WASHINGTON, Iowa — The majority of community members who spoke at a public hearing Tuesday in Washington said they want Iowa to continue to use two ways of measuring bacteria in Iowa’s recreational waters.
“The standard should not be lowered in any way, shape or form,” said John Miller of Fairfield, one of 16 people who attended the first of three public hearings this week over a proposed rules change by the Iowa Department of Natural Resources.
The agency now uses two ways to measure E. coli bacteria.
One is the single sample maximum, which is 235 organisms per 100 milliliters of water for primary recreational waters, such as lakes used for swimming, and 2,880 organisms per 100 milliliters for secondary recreation waters.
The second criterion is a geometric mean, which is the average level of E. coli in four samples on different days that can’t surpass 126 organisms per 100 milliliters.
If water samples show the geometric mean is too high, or more than 10 percent of samples exceed the single sample maximum, the DNR lists the water body segment on the impaired waters list required by the U.S. Environmental Protection Agency.
The DNR’s water quality assessment division has proposed eliminating the single sample maximum, which DNR officials called “overly stringent” and “not an appropriate measure for water quality assessment and permitting purposes.”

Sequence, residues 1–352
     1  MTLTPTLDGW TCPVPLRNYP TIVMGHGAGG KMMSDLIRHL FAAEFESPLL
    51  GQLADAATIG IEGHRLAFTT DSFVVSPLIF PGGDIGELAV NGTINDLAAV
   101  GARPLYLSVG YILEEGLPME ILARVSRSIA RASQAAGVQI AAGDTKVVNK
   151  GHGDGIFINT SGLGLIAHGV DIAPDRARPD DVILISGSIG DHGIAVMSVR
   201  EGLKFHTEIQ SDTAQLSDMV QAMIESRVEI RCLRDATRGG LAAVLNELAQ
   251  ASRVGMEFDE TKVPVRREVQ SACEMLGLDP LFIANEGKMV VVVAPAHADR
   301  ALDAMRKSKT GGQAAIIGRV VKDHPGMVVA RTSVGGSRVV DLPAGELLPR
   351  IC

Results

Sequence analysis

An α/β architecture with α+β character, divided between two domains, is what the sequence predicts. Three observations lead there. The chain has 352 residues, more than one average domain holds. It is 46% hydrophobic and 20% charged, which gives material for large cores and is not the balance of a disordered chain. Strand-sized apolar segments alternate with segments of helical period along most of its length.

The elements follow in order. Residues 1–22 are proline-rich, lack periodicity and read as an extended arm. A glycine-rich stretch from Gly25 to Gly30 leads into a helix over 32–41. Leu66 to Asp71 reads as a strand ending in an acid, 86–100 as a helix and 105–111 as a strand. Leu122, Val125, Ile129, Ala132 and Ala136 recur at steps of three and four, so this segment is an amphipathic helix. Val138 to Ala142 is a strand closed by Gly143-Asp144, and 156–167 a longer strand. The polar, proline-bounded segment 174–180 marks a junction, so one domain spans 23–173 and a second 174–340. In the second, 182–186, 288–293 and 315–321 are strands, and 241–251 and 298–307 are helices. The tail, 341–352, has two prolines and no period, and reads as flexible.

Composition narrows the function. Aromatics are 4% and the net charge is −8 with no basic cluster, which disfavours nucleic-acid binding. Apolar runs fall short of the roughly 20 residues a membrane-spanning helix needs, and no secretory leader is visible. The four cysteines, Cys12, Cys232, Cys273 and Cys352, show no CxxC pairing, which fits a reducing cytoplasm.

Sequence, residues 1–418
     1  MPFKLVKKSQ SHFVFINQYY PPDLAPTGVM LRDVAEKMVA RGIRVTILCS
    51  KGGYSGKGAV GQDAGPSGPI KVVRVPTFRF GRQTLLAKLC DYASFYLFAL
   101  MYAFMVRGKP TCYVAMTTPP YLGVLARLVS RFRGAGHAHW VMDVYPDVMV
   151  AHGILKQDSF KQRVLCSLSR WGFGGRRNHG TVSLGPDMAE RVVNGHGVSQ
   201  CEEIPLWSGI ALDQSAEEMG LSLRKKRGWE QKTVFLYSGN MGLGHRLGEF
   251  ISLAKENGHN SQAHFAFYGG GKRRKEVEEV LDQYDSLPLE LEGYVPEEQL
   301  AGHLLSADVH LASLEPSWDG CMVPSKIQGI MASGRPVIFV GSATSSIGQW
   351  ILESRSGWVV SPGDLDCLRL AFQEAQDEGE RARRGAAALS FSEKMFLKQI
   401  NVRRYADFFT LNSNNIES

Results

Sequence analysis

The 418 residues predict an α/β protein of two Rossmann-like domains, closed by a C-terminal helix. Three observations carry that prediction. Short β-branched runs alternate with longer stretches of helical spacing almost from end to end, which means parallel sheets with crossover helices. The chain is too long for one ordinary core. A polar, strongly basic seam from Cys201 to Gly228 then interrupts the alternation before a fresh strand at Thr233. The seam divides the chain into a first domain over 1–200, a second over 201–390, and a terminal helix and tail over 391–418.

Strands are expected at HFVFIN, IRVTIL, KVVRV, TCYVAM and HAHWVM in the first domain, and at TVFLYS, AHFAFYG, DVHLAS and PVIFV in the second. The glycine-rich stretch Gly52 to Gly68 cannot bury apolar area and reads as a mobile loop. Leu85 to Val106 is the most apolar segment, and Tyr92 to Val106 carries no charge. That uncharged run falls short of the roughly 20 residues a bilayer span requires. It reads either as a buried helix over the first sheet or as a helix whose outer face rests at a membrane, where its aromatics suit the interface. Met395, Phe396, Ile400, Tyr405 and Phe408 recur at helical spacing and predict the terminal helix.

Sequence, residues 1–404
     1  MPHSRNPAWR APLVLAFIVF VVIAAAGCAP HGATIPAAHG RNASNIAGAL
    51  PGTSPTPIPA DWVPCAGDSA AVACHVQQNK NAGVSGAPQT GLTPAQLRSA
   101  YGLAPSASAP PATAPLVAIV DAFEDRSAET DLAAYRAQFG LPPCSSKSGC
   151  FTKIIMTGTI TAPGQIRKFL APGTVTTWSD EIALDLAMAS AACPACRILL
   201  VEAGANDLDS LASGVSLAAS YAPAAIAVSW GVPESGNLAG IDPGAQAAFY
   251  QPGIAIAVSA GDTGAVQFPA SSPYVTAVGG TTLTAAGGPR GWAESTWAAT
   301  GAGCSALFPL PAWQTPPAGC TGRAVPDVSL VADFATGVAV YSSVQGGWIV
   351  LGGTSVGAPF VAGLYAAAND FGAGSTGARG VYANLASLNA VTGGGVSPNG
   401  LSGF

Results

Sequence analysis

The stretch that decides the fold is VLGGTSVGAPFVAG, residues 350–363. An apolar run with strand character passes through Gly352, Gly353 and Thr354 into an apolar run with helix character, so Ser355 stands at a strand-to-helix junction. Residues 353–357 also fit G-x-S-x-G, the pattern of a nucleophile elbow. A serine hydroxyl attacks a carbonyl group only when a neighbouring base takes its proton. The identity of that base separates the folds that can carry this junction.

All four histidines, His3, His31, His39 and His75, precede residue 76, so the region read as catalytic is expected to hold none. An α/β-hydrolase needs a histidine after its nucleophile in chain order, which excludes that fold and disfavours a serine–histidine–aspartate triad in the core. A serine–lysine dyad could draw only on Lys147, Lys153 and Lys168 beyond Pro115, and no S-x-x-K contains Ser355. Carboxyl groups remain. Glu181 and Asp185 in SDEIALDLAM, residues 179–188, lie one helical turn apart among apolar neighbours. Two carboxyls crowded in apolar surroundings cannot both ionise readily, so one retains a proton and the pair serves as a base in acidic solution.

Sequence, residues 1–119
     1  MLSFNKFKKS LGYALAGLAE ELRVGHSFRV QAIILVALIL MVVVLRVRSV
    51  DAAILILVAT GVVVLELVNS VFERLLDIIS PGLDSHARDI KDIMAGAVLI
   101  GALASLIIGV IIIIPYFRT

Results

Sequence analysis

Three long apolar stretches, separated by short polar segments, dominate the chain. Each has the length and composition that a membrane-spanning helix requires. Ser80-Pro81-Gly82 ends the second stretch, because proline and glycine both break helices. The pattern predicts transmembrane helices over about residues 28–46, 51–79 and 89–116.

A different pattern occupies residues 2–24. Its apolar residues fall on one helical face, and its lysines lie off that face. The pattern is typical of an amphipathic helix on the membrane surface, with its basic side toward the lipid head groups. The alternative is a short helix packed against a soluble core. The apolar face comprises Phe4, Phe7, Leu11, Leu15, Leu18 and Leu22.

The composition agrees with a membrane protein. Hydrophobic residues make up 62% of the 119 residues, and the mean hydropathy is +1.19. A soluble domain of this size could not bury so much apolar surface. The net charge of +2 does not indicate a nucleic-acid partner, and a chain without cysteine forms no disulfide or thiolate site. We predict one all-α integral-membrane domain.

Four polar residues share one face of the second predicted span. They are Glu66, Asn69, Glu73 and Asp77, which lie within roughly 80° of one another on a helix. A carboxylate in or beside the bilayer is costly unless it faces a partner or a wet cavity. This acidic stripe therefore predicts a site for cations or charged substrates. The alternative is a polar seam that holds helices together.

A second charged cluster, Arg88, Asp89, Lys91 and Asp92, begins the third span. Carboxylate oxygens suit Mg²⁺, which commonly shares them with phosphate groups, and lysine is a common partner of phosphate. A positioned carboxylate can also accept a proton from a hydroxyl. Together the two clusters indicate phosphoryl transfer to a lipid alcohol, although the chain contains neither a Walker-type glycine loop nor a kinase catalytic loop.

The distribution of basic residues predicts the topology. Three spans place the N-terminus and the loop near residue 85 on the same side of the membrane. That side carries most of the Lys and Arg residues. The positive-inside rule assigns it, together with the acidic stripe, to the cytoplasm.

Single sample maximum still would be used in Iowa’s beach monitoring program.
Critics of the rule change say it was intended to shrink the impaired waters list, leaving some polluted waters without restoration plans.
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Iowa’s 2016 draft impaired waters list, released April 14, included 750 bodies of water with 1,096 impairments, up slightly from 736 lakes, rivers and streams with 1,062 impairments on the final list for 2014. One of every two water bodies tested for the 2016 list was impaired.
“I understand the bottom line, after all these changes, we’ll have a smaller list of impaired waters,” Gerry Hanson, of Holbrook, said at Tuesday’s hearing.
Roger Bruner, supervisor of the DNR’s water quality assessment section, told the group it would cause a 3 percent reduction in the list.
Several people at the hearing said they were confused by the proposed change.
Jon Koch, an officer with the Iowa Water and Environmental Association, said he thinks the DNR should do more to educate the public. “There needs to be more explanation of what is being done. There are more questions here than comments today.”
There are public hearings this week in Urbandale and Harlan, and comments may be submitted online at rules.iowa.gov/Notice/Details/3202C.
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